If not done in the right way, our actions can lead to more desires and more bondage. For example, we may choose sports and then end up having bitter personal rivalry with fellow sportspersons. Such rivalries can steer us away from th path and land us in considerable trouble. In fact even if we are successful in harming them, along the way we may have developed ten other new stronger desires like ensuring that we only have ‘Yes-men’ around us who never tell us the truth. All this starts a chain reaction and drives us deeper into the well of samsara. Even if we don’t go as far as harming others, we may hold deep-seated grudges against them in our mind and this too, in the long run, shall develop into another strong desire of harming others. Thus, instead of conquering a desire, we have created many new desires.       


So how do we perform actions in the right way? If we look closely, we find that actions lead to more bondage if we think that we exercise control over the results of the actions. Such thinking comes from a wrong motivation behind action itself. If we take up actions as a means to nourish our desires instead of as a means to cleanse our hearts and minds, we become more focussed on the fruits of the actions. And this is the root cause of all the ensuing troubles.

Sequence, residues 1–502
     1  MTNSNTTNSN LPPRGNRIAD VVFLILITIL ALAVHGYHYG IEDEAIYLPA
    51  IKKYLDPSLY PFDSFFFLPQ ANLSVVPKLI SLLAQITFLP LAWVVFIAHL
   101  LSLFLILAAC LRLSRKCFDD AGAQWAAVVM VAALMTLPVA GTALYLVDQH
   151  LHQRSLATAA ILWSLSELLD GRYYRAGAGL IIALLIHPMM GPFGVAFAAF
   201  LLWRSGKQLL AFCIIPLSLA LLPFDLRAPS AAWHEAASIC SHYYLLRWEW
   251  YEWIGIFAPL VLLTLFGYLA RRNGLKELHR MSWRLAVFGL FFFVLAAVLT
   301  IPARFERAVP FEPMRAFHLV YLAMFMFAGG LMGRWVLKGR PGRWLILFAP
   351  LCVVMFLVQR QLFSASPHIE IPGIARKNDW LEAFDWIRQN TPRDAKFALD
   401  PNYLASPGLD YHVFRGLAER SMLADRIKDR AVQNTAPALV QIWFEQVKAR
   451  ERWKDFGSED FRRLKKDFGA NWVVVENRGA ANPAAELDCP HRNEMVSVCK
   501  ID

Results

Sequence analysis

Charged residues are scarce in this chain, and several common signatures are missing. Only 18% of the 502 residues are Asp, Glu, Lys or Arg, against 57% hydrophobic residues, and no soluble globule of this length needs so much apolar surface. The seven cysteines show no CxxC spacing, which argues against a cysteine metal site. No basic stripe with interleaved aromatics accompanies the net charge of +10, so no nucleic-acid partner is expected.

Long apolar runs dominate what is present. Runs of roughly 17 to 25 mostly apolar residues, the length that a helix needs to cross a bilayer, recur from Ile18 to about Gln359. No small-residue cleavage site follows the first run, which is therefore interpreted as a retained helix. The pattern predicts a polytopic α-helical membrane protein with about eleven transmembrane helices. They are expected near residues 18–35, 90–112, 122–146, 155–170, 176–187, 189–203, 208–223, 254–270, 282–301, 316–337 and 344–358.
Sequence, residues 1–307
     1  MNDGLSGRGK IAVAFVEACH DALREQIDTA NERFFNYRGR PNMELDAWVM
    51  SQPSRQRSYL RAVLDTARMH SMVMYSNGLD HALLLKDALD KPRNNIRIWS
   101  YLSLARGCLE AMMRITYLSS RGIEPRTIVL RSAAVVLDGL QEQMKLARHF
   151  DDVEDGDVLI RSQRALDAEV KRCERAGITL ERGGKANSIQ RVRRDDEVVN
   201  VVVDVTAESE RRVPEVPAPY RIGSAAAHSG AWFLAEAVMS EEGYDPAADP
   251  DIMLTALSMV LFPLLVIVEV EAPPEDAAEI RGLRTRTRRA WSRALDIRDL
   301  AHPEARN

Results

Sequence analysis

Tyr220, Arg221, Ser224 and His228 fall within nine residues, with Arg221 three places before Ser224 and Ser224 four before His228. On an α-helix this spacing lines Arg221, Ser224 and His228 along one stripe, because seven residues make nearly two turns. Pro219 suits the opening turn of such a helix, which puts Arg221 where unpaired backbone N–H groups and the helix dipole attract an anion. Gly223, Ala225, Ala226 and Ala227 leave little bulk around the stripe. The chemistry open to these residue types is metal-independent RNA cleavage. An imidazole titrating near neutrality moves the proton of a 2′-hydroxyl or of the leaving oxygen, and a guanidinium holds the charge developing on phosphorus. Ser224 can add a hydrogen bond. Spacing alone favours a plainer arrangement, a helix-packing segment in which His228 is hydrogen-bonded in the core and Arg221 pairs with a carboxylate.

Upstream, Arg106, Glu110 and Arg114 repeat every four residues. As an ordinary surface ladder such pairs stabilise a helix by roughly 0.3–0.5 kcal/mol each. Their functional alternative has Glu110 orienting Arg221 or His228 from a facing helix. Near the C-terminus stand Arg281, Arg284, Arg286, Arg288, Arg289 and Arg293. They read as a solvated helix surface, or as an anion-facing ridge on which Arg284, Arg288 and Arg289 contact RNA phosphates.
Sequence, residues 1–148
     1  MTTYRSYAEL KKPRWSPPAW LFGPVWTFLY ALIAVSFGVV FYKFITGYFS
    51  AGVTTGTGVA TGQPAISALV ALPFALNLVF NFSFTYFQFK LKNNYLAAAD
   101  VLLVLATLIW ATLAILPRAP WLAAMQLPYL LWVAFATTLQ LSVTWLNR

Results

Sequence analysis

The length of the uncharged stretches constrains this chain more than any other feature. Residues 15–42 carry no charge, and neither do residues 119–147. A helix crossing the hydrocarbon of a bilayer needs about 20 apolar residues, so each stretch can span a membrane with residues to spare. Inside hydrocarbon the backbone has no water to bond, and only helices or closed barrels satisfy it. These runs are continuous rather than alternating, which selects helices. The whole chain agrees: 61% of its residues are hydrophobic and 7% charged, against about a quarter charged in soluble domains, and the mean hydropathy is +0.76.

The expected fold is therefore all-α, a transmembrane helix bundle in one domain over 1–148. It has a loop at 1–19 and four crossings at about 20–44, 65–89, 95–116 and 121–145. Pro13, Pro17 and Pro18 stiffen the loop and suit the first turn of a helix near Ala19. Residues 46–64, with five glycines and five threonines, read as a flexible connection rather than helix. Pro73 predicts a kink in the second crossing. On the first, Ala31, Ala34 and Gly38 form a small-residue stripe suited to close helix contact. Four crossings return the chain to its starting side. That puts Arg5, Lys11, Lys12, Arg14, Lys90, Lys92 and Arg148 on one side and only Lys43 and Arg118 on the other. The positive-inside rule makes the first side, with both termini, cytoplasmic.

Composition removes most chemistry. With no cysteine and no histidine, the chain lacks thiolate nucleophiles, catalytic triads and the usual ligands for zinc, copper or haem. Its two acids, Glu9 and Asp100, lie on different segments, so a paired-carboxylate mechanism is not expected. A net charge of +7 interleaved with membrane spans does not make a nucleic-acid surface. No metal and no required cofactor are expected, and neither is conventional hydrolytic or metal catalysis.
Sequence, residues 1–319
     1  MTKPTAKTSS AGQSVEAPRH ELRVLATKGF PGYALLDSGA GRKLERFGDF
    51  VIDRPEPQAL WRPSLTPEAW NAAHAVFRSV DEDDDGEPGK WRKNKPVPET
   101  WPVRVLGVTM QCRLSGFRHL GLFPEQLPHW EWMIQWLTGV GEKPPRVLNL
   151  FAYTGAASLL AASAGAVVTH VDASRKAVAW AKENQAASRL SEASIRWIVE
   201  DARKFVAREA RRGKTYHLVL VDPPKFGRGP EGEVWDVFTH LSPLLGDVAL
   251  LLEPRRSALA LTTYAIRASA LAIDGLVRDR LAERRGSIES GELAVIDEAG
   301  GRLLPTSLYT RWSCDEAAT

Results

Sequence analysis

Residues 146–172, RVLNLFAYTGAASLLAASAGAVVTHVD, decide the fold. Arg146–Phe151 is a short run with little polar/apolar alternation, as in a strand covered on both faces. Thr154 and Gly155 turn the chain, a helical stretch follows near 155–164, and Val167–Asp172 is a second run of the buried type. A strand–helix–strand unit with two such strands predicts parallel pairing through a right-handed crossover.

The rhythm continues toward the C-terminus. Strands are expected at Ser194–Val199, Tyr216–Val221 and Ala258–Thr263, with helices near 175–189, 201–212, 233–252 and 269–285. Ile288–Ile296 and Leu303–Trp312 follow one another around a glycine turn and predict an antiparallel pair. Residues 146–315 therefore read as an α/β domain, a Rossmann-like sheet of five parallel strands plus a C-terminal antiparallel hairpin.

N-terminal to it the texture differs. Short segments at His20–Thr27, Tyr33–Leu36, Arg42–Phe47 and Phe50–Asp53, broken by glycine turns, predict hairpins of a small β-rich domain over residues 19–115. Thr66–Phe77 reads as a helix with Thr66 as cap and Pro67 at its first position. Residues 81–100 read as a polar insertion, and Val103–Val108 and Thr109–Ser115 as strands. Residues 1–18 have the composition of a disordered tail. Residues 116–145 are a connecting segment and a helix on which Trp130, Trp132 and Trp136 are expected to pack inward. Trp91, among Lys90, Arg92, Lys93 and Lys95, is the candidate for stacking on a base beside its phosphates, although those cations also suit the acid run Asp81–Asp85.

Therefore, we should perform our actions not with one eye on the goal, but with both eyes on the work itself. We should take up our actions with a spirit of learning. If it works our way, then well and fine. If it doesn’t work our way, then we learn something new. Either way, our experience is enriched and this is all that matters. If an action is performed with this attitude, then in due course, we attain insight into the very nature of the action itself. We also see through our desire that prompted us into this action. Now the action becomes like hastamalaka (as natural as gooseberry in your palm) and so the desire is conquered. At this point, detachment from this desire is all but natural. At this point, are we entitled to say ‘yeh moh maya hai’ (यह मोह माया है), meaning this is moha and maya.

In this way, one by one, we need to conquer all our desires. Once we have done that, we see through the very nature of samsara itself. At this point, sannyas is all but natural. Only at this point, are we entitled to say सब मोह माया है, not before.

About Author: Pritam Choudhury

Pritam Choudhury is from Agartala, Tripura. He studied electrical engineering at IIT Roorkee, after which, he graduated in Computer Science from the University of Cambridge. Currently, he is pursuing doctoral studies in programming languages at the University of Pennsylvania. He is deeply interested in Dharmic studies and exploring the wisdom of ancient India.